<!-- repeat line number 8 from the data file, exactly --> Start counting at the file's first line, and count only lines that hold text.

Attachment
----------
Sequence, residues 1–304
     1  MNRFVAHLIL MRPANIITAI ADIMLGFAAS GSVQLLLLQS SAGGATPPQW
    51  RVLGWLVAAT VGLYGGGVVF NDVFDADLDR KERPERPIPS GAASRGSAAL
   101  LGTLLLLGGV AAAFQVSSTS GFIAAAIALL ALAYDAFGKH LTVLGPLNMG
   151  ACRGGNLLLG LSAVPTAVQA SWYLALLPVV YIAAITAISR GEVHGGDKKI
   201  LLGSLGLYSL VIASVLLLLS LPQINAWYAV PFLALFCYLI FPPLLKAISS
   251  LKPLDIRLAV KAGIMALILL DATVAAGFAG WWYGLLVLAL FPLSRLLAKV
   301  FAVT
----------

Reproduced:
   301  FAVT